Joyner considers an 80 percent net POA winning percentage to be acceptable. He charts the number of yards gained/lost on each POA run for a lineman. The chart below shows that not only did Garza do well last season, so did Josh Beekman, who will be in competition with Omiyale at left guard.

Lineman POA attempts Yards Avg. POA Pct.

RG Roberto Garza 205 960 4.7 88.3
LG Josh Beekman 175 834 4.8 85.7
RT John Tait 104 443 4.3 84.6
C Olin Kreutz 168 726 4.3 81.5
LT John St. Clair 112 459 4.1 79.5

Joyner's numbers mesh with what Elias Sports Bureau reported off last season for running back Matt Forte:

Run right--4.0 yards per carry
Run left--3.3
Run middle--4.8
Run right sideline--4.2
Run left sideline--3.7

Kreutz may have been fourth on the list but the winning percentage for centers was typically lower than the other positions, possibly a function of them having to snap the ball before engaging their man. The New York Jets' Nick Mangold is tops at 94.3. Kreutz is ahead of Jason Brown, who signed a $37.5 million, five-year contract to move from Baltimore to St. Louis. Brown checked in at 81.0.

Garza is ahead of the three Pro Bowl guards that Joyner has complete metrics on:

Steve Hutchinson, Minnesota INC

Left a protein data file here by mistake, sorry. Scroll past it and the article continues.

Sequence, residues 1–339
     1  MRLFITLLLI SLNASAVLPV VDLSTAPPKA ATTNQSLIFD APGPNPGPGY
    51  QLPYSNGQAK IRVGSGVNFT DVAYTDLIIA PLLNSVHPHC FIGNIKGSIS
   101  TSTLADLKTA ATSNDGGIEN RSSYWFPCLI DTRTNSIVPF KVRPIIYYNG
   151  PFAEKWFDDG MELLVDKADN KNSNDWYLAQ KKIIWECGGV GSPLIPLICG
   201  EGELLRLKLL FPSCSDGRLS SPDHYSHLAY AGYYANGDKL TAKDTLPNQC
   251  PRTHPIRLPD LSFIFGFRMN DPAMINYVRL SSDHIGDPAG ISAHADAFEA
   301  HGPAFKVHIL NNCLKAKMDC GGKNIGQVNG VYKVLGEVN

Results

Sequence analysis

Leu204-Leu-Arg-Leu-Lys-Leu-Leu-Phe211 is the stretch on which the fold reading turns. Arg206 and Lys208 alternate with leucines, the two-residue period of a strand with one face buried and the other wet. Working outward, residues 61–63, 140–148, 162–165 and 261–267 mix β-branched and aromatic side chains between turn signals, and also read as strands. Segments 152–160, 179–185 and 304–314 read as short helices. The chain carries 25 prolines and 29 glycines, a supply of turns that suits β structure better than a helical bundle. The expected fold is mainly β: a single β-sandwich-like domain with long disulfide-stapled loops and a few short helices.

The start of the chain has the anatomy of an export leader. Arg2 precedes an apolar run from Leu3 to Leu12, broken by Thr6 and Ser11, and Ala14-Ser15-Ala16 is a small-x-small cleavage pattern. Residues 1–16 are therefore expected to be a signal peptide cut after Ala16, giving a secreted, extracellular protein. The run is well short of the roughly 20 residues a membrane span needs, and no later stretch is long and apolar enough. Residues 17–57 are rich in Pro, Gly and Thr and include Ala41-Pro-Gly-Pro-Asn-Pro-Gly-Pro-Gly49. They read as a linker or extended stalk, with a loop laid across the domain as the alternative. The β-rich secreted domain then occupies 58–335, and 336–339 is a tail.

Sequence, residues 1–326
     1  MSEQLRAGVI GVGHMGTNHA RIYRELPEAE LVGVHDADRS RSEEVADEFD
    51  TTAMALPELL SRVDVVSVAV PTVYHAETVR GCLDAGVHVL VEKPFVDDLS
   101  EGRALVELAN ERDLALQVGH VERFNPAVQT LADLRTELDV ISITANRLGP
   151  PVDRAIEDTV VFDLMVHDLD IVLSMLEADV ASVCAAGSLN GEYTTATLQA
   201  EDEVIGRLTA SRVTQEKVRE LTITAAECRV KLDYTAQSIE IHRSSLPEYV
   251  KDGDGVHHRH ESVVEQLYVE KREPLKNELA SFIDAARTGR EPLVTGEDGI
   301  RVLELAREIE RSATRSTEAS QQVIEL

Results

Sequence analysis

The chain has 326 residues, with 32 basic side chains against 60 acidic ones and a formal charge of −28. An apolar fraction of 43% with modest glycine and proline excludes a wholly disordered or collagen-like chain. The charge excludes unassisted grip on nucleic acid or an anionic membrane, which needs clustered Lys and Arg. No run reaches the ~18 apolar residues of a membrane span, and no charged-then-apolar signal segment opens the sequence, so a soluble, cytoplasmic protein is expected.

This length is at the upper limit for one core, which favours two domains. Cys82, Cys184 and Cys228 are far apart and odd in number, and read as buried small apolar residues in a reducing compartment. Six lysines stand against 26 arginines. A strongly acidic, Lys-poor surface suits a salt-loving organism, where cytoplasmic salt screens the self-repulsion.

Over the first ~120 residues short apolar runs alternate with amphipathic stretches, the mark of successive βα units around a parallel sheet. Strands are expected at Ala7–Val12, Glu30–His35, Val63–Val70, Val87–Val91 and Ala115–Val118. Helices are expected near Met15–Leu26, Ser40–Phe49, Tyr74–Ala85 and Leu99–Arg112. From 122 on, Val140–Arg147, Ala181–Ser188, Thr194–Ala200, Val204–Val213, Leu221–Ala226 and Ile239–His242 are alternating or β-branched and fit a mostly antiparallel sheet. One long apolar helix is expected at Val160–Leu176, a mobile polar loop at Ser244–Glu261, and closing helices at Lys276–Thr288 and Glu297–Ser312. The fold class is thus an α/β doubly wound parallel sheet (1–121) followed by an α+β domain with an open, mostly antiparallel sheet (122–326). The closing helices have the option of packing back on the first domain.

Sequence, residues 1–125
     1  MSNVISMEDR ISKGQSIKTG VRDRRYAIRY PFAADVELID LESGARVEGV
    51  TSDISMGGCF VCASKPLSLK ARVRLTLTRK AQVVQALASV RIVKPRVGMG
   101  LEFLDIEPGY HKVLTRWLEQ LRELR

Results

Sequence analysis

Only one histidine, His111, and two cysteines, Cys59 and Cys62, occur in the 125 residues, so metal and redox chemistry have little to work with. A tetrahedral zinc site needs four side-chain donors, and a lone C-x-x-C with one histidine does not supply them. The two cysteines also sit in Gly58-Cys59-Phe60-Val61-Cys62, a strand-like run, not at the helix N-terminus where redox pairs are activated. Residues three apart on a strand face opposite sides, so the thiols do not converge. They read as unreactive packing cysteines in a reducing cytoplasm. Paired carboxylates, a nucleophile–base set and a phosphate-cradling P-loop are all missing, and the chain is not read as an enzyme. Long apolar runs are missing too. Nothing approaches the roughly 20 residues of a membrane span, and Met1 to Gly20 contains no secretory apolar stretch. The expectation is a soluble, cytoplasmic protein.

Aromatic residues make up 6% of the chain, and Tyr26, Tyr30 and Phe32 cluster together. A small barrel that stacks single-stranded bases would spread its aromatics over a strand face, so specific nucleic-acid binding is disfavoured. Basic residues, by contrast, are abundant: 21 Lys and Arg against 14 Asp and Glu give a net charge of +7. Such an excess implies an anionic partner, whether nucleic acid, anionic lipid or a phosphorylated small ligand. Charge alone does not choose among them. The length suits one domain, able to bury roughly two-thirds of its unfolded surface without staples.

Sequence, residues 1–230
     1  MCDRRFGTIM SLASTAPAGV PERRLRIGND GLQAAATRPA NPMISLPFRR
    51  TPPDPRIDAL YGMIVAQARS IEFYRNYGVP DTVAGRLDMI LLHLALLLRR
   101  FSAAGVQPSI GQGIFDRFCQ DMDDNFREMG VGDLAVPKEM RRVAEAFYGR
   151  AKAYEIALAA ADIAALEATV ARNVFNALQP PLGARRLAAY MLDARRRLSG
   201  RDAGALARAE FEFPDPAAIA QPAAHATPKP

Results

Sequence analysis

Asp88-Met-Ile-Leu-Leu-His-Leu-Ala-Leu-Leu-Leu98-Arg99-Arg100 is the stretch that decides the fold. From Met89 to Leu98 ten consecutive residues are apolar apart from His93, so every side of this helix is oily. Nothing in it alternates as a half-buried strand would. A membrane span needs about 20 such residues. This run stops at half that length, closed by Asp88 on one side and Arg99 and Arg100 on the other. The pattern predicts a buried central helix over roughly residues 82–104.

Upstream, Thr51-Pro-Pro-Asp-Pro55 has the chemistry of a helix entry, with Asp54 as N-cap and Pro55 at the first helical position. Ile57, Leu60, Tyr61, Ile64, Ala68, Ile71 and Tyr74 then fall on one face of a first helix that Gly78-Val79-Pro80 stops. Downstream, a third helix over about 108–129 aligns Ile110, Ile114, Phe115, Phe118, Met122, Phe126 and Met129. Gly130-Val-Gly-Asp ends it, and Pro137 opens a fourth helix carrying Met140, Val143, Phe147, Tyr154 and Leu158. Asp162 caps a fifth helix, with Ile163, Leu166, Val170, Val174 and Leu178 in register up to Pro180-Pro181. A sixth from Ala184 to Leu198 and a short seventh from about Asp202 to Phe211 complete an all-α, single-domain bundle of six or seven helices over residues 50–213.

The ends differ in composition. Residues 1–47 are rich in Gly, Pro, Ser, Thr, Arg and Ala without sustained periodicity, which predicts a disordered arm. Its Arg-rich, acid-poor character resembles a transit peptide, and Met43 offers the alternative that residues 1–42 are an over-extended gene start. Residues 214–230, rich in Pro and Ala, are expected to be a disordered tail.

Chris Snee, N.Y. Giants 85.8
Leonard Davis, Dallas 77.5
Davin Joseph, Tampa Bay INC

Alan Faneca, N.Y. Jets 87.8
Kris Dielman, San Diego INC
Brian Waters, Kansas City INC

Finally, newcomers Orlando Pace and Kevin Shaffer both fared better than what the Bears had at the left and right tackle positions last season. Here are their numbers:

Lineman POA attempts Yards Avg. POA Pct.

LT Orlando Pace, St. Louis 103 502 4.9 83.5
RT Kevin Shaffer, Cleveland 99 437 4.4 87.9

If the Bears are counting on Beekman and Shaffer as primary backups for 2009, with Dan Buenning also expected to be in the mix, that's a nice foundation when you consider Joyner's run metrics. Later in the week we'll take a look at how the Bears stack up against the rest of the division.

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I think getting knocked on your keister by a safety ought to preclude you from being on any "top lineman" list.

I sure didn't see that one coming.

So the guy that says Cutler is as bad as Grossman also says Garza is one of the best in the league... Whats next? Briggs should be cut?